(b) Copy of letter dated June 29, 1960, from the Deputy Chief, United States Public Health Service, Psychiatry Service, Staten Island, to the medical officer in charge of the Public Health Service Outpatient Clinic, San Juan, Puerto Rico, in reference to the plaintiff, advising that there was a diagnosis at Staten Island of "post traumatic neurosis" and that plaintiff's complaints were "joint pains and depressive and fearful feelings."
 
An Abstract from the Clinical Record of plaintiff, revealing complaints of severe nervousness and pain and admission to the hospital at Staten Island on June 13, 1960 for symptoms of "tension, nose-bleeds, and joint pains" with a diagnosis of "post traumatic neurosis and psychoneurosis with somatic symptoms." (Ex. 16)

 I find that the medical records clearly evidenced and diagnosed plaintiff's neurotic condition.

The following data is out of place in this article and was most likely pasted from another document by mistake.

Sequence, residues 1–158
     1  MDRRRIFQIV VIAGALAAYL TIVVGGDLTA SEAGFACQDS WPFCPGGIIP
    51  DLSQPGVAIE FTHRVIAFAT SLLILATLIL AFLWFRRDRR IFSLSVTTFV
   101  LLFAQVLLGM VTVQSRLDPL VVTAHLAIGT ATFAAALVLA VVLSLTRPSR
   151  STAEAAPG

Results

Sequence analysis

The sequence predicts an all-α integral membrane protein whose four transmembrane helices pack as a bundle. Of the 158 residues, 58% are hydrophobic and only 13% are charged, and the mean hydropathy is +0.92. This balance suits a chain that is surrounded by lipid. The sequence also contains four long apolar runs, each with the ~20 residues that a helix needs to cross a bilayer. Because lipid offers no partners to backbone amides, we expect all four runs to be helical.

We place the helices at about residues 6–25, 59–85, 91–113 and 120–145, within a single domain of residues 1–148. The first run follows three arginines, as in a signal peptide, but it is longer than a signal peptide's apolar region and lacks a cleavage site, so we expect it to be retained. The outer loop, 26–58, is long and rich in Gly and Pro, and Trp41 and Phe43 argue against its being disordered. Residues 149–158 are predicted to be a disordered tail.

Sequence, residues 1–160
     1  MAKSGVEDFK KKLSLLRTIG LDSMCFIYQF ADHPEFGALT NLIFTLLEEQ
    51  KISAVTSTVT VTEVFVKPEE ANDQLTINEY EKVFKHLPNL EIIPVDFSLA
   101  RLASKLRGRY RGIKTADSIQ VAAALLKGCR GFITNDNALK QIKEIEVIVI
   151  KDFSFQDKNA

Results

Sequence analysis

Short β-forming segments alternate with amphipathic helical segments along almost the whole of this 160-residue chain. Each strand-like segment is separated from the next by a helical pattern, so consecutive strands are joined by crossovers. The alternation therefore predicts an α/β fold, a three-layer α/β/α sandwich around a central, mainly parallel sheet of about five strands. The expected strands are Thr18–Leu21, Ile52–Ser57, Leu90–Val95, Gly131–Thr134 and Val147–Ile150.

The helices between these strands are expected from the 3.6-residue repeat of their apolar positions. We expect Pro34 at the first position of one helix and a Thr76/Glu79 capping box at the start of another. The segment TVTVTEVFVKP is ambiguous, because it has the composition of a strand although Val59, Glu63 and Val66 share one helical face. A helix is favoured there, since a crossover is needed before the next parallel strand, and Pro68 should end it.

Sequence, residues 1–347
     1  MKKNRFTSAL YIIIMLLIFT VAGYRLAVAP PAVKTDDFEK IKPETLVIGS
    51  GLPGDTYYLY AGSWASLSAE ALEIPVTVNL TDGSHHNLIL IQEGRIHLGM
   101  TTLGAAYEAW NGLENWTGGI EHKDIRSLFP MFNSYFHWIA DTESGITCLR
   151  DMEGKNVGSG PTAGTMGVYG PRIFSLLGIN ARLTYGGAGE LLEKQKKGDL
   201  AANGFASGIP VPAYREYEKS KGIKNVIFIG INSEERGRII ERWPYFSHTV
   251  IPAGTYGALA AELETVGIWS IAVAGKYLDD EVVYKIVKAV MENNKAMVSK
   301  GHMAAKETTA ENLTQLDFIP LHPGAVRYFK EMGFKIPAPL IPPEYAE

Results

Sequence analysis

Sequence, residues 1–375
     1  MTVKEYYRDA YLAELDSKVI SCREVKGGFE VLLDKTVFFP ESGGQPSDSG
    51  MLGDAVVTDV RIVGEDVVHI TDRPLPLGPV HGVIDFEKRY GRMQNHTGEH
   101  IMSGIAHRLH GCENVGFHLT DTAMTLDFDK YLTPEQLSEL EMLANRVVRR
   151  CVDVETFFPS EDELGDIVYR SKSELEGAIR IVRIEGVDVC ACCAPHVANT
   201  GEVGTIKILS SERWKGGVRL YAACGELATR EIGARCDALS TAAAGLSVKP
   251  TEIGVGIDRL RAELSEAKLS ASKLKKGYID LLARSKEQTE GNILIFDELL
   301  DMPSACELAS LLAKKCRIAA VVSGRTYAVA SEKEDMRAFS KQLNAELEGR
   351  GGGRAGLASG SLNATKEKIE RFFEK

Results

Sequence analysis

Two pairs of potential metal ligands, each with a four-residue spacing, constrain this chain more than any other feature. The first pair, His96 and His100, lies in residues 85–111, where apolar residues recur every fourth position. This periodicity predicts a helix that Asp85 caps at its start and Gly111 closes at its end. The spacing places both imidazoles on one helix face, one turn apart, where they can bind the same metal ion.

(c) Extracts from the Staten Island Hospital Record, page 2, which notes under "Doctor's Progress Notes" in reference to plaintiff's hospitalizations: "* * * whose 'real' or 'neurotic' illness has necessarily been confused by the apparent spectre of litigation" and that the physical examination reveals nothing objective, the impression stated being "probably primarily psychoneurosis." (Ex. 17)

 (5) Plaintiff's attorney was fully aware of plaintiff's medical problems, as appears in Finding No. 4 herein, and, as appears in Finding No. 7 herein, in discussing settlement with the defendant's representative, Mr. Wardle of the Shipowner's Claims Bureau ...